Learnings From: Caroline Hugonenc, VP Research
This week in conjunction with International Women’s Day, our blog will offer ‘Learnings From’ some of our top female employees from around our global offices. Find out more about IWD (which falls on Tuesday 8th of March) and how you can participate here.
Caroline Hugonenc is our VP of Research based in Toulouse, joining in February 2012. You can find her over on Twitter @chugonenc. Read on to find out about her predictions for video advertising and why it’s important to speak two languages (and not the traditional ones!)
Can you tell us about your role at Teads?
I’m celebrating my 4th year in Teads this month. I was hired to produce content and insights for Ebuzzing and was then offered the position of Marketing Director in France. I’m now in charge of research globally for Teads and I manage a team of very talented and motivated people. Matt Engstrom in the US, who coordinated the Ad Blocker study, Charlotte Diemer and Ana da Silva, based in the London office, who built our vertical expertise from scratch and Clotilde Bernard in France, who is my right-hand man on the GRP converter. I also work closely with Bérengère Weber who is Head of Communication in France.
At Teads now I head up the global research projects around the world. My job is to produce research and content that support our business and build up our thought leadership, so that we are perceived as the experts and a leader in the video landscape.
How did you get into the video advertising industry?
I started my career at Mediamétrie which is the research company that operates TV and digital audience measurement for the French market.
From there I worked for two years for Nielsen Ireland where I was in charge of the recruitment and the statistical balance of the TV panel. Returning to France in 1998, I got a job at Carat as a Research Manager for digital. This was in the early days of the online advertising industry and I spent a wonderful time there educating our clients on digital as well as learning from my TV peers.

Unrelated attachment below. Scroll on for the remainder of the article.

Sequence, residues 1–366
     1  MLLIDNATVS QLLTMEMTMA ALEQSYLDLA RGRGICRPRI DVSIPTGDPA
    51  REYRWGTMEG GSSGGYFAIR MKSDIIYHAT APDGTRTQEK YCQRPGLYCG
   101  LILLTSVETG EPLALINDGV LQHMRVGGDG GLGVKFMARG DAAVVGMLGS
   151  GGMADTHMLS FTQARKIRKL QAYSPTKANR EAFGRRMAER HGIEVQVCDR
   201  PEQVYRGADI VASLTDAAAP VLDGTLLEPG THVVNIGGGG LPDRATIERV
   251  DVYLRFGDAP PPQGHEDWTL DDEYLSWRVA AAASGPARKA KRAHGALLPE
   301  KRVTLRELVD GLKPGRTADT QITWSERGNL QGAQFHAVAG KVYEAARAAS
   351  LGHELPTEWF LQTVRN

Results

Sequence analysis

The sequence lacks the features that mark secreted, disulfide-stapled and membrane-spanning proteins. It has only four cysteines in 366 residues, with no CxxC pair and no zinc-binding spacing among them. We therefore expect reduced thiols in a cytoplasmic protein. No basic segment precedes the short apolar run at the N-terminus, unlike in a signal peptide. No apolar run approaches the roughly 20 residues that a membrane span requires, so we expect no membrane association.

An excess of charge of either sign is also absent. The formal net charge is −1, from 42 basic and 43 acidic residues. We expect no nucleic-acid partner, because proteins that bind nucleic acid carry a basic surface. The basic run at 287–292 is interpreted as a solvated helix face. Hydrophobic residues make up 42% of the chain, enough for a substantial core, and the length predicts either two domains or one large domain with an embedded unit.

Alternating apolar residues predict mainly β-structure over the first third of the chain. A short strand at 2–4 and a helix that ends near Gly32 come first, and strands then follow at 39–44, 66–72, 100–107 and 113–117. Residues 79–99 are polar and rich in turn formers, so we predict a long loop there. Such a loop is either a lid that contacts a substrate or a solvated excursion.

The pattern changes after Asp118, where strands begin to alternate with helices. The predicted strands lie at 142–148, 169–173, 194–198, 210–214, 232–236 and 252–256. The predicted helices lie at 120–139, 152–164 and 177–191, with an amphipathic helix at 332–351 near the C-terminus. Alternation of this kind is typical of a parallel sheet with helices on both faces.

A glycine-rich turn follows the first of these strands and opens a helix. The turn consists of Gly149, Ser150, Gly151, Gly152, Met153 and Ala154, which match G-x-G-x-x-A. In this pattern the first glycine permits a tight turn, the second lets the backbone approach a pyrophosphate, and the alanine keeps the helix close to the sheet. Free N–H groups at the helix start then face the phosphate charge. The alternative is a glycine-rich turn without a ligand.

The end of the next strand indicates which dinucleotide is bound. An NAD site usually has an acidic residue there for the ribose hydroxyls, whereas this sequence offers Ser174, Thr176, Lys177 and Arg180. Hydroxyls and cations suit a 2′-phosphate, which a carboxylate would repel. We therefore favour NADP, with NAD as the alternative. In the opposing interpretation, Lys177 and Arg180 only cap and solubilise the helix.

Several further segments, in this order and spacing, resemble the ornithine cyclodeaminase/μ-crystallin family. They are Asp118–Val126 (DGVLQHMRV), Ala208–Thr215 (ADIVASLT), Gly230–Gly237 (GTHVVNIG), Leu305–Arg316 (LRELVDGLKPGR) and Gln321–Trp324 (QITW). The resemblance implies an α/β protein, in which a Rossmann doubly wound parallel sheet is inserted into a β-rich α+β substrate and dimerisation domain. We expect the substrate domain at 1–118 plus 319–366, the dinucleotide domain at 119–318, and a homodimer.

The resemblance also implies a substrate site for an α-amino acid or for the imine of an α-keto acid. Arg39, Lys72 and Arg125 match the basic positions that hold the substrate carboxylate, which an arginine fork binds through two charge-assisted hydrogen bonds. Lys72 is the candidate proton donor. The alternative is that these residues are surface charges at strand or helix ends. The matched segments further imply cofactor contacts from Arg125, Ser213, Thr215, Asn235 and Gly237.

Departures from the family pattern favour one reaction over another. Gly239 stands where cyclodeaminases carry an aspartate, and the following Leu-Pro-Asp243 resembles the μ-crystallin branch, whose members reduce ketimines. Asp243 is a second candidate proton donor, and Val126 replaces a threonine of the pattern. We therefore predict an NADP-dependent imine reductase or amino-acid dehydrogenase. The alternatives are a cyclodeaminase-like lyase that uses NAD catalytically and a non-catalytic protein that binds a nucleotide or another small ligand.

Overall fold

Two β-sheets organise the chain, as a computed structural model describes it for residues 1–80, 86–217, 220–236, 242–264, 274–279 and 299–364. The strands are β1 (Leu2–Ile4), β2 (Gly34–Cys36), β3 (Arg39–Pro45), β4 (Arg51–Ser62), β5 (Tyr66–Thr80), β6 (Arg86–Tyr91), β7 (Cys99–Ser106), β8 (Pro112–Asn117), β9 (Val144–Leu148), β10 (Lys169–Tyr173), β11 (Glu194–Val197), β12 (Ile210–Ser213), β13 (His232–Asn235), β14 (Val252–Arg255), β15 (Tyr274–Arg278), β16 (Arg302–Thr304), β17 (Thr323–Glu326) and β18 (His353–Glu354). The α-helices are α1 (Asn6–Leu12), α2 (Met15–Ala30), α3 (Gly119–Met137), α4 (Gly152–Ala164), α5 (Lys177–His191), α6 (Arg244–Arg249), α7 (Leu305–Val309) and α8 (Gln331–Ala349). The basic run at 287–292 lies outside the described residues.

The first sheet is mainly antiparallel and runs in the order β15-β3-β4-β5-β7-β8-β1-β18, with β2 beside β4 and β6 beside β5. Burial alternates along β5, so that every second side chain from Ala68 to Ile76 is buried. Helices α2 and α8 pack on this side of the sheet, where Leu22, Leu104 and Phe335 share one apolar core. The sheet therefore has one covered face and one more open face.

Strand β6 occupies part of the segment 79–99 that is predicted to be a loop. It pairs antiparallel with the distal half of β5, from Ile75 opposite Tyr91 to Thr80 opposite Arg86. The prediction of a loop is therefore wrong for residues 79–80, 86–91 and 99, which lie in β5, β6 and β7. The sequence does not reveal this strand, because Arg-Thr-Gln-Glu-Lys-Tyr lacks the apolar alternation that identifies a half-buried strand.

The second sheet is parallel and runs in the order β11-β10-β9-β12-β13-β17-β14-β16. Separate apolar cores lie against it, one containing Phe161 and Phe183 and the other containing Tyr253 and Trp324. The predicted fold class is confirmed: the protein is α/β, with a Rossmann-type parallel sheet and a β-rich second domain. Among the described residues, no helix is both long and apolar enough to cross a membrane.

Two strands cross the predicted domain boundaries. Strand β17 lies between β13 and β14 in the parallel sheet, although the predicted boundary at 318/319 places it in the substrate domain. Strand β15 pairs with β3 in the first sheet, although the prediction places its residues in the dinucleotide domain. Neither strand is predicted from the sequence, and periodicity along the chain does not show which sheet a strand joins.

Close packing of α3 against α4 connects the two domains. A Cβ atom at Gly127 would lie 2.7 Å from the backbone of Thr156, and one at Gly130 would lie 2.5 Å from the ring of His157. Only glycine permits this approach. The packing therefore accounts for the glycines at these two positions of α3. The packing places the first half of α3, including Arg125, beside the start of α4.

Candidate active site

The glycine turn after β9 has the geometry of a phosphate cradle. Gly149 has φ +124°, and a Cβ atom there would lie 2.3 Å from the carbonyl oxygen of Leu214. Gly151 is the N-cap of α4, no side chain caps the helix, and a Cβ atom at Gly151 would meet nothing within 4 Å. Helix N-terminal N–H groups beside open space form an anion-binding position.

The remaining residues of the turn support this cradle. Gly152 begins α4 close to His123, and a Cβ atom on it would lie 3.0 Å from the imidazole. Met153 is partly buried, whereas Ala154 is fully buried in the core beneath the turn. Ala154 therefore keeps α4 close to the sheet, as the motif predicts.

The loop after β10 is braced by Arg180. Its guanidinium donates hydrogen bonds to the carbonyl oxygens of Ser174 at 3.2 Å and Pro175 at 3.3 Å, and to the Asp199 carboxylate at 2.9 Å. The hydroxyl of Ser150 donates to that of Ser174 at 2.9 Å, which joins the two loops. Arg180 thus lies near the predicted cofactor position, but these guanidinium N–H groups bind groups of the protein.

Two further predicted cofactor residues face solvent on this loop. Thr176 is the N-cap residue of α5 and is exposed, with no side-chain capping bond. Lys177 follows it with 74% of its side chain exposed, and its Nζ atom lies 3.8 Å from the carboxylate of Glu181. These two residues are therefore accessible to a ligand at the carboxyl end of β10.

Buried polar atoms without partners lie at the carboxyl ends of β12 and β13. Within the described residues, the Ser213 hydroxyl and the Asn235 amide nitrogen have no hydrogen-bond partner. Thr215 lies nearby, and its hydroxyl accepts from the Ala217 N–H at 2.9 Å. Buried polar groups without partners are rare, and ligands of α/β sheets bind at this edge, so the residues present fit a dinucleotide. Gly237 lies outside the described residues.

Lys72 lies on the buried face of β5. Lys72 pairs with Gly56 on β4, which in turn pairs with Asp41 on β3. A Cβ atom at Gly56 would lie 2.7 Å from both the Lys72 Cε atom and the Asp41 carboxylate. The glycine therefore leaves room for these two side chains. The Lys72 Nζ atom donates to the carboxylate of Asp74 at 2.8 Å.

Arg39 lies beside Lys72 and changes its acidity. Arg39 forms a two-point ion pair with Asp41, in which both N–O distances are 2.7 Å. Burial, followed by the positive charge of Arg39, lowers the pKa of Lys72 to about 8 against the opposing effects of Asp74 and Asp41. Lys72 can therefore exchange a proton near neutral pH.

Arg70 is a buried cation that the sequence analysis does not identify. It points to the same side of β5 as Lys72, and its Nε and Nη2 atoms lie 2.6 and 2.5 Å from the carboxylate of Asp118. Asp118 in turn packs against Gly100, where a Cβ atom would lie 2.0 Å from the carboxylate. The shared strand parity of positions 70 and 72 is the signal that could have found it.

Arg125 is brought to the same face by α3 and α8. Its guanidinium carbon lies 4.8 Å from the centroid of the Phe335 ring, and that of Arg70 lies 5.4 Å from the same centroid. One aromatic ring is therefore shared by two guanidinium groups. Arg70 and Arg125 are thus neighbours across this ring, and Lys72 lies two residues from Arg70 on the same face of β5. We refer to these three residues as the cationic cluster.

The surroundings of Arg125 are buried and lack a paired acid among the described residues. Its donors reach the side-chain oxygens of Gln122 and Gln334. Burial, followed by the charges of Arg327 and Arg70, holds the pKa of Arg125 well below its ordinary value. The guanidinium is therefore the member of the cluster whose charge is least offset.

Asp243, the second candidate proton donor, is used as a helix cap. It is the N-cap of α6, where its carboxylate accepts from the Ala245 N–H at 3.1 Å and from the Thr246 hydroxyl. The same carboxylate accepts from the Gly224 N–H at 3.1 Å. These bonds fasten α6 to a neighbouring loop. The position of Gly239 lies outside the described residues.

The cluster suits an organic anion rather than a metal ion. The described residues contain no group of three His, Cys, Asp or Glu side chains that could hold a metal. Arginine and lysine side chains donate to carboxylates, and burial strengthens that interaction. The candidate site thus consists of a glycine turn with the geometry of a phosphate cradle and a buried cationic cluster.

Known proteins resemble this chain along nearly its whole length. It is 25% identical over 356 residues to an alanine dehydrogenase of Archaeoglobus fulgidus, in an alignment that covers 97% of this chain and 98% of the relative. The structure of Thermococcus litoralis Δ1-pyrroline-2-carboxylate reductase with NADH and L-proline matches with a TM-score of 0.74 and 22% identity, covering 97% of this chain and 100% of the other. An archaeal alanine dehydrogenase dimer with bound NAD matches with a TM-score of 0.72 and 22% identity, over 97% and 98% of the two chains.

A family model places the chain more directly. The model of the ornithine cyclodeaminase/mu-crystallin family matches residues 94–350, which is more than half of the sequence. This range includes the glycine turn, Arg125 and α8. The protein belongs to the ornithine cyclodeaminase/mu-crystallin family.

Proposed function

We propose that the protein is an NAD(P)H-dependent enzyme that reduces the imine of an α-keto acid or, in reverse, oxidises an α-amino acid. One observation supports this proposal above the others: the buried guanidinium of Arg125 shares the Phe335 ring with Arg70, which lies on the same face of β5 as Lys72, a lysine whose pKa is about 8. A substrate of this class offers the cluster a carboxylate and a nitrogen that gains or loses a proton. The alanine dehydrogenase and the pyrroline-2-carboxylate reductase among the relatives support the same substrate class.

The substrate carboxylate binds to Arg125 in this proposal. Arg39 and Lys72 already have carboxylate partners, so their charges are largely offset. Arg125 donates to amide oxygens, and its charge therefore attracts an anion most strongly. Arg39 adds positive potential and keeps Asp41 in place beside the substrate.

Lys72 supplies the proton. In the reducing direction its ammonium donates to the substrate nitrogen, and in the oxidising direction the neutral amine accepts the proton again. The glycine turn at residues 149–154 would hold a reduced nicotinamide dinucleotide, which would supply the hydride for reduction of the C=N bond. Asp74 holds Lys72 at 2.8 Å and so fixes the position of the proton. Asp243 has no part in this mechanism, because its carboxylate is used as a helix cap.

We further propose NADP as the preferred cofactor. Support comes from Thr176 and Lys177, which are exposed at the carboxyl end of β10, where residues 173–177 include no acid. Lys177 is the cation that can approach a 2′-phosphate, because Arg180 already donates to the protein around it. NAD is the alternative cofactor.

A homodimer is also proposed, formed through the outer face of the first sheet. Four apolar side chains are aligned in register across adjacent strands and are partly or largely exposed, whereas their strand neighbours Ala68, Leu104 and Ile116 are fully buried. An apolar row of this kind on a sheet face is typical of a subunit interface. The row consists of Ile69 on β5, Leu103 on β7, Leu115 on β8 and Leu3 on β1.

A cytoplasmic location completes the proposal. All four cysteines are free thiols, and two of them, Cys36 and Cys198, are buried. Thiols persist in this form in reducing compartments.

I’ve found that digital has been completely creative in creating a new language that is self-referential. As I can speak both languages (TV and digital) I can translate.
After 12 years at Carat, I left for Ebuzzing: the company reminded me the pioneer spirit of the start-ups before the Internet bubble burst in 2001. When I arrived, we were the clandestine in the video advertising market. Four years later, our platform has the largest reach globally.
What do you enjoy most about working at Teads?
I feel really lucky to work in Teads as the company is truly driven by a vision to reinvent video advertising. We’re always trying to push the limits and get things moving forward, extending the boundaries of the existing market to a new frontier. It naturally attracts people that have an entrepreneurial spirit and want to change the game in the industry.
What has been the biggest change in video advertising for you?
The lack of curiosity and knowledge is holding back growth of our digital industry. Distributing TV spots in pre-roll ad is the most obvious way to deal with video advertising online, but it’s not the only one and far from being the most suitable. Educating the market to the opportunities offered by digital is a never-ending job.
What do you think will be the next big trend in video advertising?
Video is going to disrupt mobile advertising, which is still very performance focused. It’s a fantastic creative challenge for brands who will have to adapt their communication to mobile both in terms of formats and messaging.
How do you see the role of research changing and influencing the digital advertising industry?
Research is paramount for our fast moving industry. Being able to understand user behaviour, anticipating trends, and measuring audience and proving ad effectiveness are crucial for a player like Teads.
What advice would you give for those wanting to start a career in Research?
- Be curious
- Go beyond appearance
- Go deep into detail and understand a topic in its complexities but deliver takeaways that a 8 year old can understand
Can you tell us about a skill you’d like to learn and why?
I wish I could speak more languages and better!